Christine Dickman of Leemore, CA has sent a couple of inquiries. The first relates to Alfred Dalton of London, and a ship's chandler. Response was that in earlier records a John Dalton was a chandler and located in St. Martin's of the Field. (Sesions Record for 1616-1618). Chris will pursue further. The second question related to her grandfatherValentine Dalton who reportedly live in the Bay area of California. Response: Nothing found on Valentine. Possiblee find of his brother Alfred Dalton, who died in Mesa, Maricopa County, AZ. This lead needs follow-up by Chris. She may be contacted at: cdickman@kings.k12.ca.us

Dave Dalton saw some data on a posting site for which the e-mail is no longer active and it related to his ggrandfather, Thomas E. Dalton b. 1831 in NY. Dave sent data including that of several children but did not know from which marriages they came. Response: The 1880 Census of Illinois helps to clarify the children. It would appear that each spouse had been previously married and therefore there were three sets of children. The stepson's surname, Marks, was a clue to the first marriage of Thomas' spouse, Eliza. The Illinois file in the Dalton Data Bank lists the marriage of Thomas and Lizzie Marks. E-mail: decmdalton@attbi.com

Cynthia Carroll of Houston, Texas is researching William Thomas Dalton of Missouri who married Emma L. Skagga. David Franklin Dalton, b. 1906 married R. Evaleen Irwin in 1929 and had a daughter Geraldine. E-mail: cynthiacarroll@hotmail.com

Eileen Anians of South Carolina found her grandfather, Test Dalton, in the listing of theatrical Daltons in the DGS Back Issues and was happy to learn what he did. She knows little of her mother's side of the family. She was named Mezzie and would like to learn more about her mother and Test Dalton. E-mail : eanians@webtv.net

Donna Regina Gibson of Sevierville, TN is searching for family related to Rubin Dalton (or) General Gilmore Dalton. They were her ggrandfather and grandfather. E-mail: GIBSON82@aol.com

Penny on the Oregon Coast is looking for Daltons from Cumbria, England, especially Keswick and surrounding area. Her great grandmother was christened at Crosthwaite and died in British Columbia in 1903. If you are a Dalton in the Cumbria area please get in touch with Penny. E-mail: estheranne@webtv.net

Christine of Houston Texas is interested in Daltons from North Carolina and Mississippi. C. Jackson Dalton (Jack) was born in NC and married a Mary Johnston in Winston County, MS. Children were Mary Elizabeth, James, Benjamin and Andrew J. Jack died of injuries after the surrender of Vicksburg. The family moved to Texas in the 1890's. E-mail:

from DGS member, Dianne Jackman

New Genealogy Book
Dianne has written, "Researching Your Family History In Newfoundland and Labrador", revised Edition C2000 and published by the Newfoundland and Labrador Genealogical Society, Inc. It is a compilation of approximately 27 repositories for genealogical information in Newfoundland and Labrador and the National Archives in Ottawa. There is an outline of each repository telling what is available of use to genealogists and how to access that information. The major ones being: The Provincial Archives of Newfoundland and Labrador; Maritime History Archives; Centre For Newfoundland Studies; Newfoundland and Labrador Genealogical Society; City of St. John's Archives and the Provincial Resource Library. Appendix A is a list of books available through interlibrary loan and Appendix B lists changes in place names in Newfoundland and Labrador. Compiled by Dianne Jackman and Edited by Patrick Walsh. This publication can be ordered by phone, mail, or E-mail from: Newfoundland and Labrador Genealogical Society, Colonial Building, Military Road, St. John's, NF, A1C 2C9. Phone No. 709-754-9525, E-mail: nlgs@nf.sympatico.ca, Fax No. 709-754-9525, Web site: http://www3.nf.sympatico.ca. The cost is $17.00 Canadian.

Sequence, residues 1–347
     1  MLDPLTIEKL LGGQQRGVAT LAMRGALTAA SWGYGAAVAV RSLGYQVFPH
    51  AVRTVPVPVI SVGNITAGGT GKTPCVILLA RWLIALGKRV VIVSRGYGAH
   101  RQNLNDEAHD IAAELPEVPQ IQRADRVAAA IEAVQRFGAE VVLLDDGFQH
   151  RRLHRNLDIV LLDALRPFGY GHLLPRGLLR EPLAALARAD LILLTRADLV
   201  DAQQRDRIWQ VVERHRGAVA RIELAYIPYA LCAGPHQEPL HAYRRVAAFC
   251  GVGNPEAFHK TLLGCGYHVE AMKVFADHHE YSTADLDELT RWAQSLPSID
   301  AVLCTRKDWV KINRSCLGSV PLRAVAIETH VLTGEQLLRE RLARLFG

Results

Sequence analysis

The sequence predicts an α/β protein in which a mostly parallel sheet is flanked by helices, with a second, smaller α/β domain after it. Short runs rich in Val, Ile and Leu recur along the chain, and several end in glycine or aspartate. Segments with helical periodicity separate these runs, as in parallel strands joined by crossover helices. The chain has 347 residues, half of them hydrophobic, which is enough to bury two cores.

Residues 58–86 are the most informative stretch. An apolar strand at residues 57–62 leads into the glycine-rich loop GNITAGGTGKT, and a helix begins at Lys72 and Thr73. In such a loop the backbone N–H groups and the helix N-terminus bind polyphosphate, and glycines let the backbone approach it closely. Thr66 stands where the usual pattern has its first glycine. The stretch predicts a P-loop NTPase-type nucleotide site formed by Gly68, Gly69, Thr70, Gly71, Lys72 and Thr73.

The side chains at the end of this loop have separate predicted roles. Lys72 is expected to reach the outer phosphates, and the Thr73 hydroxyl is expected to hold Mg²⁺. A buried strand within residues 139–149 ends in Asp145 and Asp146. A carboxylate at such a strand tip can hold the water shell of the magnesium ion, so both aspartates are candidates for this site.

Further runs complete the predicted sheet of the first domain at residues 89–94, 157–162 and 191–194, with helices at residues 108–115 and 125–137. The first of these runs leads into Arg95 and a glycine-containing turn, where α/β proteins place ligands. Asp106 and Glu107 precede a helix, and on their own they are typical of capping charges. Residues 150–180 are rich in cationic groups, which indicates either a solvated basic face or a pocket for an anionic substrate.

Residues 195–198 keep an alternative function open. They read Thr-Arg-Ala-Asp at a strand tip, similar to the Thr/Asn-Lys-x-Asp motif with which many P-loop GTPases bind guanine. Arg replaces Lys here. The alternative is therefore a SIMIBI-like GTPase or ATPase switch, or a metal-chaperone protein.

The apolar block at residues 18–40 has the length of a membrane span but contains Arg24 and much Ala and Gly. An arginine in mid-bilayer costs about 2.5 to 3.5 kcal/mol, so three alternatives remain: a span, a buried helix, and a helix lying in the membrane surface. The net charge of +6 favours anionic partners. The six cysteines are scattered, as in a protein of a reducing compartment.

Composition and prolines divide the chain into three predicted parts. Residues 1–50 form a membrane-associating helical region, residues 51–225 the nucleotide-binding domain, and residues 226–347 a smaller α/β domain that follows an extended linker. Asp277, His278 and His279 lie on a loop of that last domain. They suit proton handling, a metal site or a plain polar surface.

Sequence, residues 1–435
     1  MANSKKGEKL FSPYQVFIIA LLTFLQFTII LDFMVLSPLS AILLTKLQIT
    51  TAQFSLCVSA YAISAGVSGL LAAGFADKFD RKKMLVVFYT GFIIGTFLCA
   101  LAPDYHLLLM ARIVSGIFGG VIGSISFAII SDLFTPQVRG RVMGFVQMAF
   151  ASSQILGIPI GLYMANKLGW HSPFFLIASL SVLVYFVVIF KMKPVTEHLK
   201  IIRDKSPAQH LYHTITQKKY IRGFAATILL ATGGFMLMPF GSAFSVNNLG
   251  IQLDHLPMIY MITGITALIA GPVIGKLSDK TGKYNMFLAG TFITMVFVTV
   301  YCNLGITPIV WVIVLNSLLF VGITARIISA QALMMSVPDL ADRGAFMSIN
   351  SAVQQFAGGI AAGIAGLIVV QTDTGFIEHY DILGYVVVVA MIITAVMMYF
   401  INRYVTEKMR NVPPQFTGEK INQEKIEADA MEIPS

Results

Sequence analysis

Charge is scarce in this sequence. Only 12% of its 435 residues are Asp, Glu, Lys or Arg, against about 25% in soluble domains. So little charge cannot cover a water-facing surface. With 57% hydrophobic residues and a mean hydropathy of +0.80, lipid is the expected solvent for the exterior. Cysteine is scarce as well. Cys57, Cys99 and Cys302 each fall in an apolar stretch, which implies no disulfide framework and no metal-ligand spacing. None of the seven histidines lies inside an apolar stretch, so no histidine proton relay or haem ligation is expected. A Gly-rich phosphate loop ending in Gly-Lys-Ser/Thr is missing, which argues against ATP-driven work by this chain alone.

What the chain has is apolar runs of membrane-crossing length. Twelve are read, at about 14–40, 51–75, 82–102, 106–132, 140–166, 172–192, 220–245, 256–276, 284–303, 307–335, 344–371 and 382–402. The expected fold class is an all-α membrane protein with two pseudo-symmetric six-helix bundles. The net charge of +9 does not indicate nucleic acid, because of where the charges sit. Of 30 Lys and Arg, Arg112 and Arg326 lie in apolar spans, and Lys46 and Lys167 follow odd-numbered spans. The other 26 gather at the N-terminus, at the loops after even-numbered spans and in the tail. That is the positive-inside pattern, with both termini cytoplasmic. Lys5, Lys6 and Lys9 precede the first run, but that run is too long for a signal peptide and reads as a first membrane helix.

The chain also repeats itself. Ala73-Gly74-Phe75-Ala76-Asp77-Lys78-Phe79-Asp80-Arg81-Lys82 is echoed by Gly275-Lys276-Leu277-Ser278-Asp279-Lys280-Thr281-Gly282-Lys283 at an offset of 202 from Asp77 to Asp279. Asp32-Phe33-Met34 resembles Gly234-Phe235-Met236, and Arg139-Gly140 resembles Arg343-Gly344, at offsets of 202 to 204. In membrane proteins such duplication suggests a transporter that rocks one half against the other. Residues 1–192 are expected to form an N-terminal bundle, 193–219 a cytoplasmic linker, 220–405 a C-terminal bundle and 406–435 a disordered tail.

Newfoundland Newspaper Extractions
Years ago Mrs. Gert Crosbie of St. John's, Newfoundland, on a volunteer basis, started collecting records of births, deaths and marriages from old Newfoundland newspapers. She started with 1825 and continued up to 1890. The Maritime History Archives published this information in a series of thirteen books, available for purchase from the Archive. The Maritime History Archives has also entered the information from Mrs. Crosbie's books in a database and it is being prepared for publication on CD Rom. It should be available in late 2002. Mrs. Crosbie is no longer able to compile this valuable information. Having used this important reference work and knowing its importance to researchers, Dianne Jackman has decided to try and continue Mrs. Gert Crosbie's work. Dianne is hoping to get to at least 1900 and will be working closely with the staff of the Maritime History Archives and the Provincial Resource Library. The work will continue to be done on a volunteer basis. Births, Deaths and Marriages in Newfoundland Newspapers by Gert Crosbie range in price from $11.00 to $18.00 Canadian and are available from the: Maritime History Archive, Memorial University of Newfoundland, St. John's, NF, A1C 5S7. Phone No. 709-737-8428, E-mail: mha@mun.ca, Fax No. 709-737-3123, Web site: http://www.mun.ca/mha/.

Editor's Note. Dianne has begun extracting from the Royal Gazette, vol 84, 1891. She may be reached at: djackman@warp.nfld.net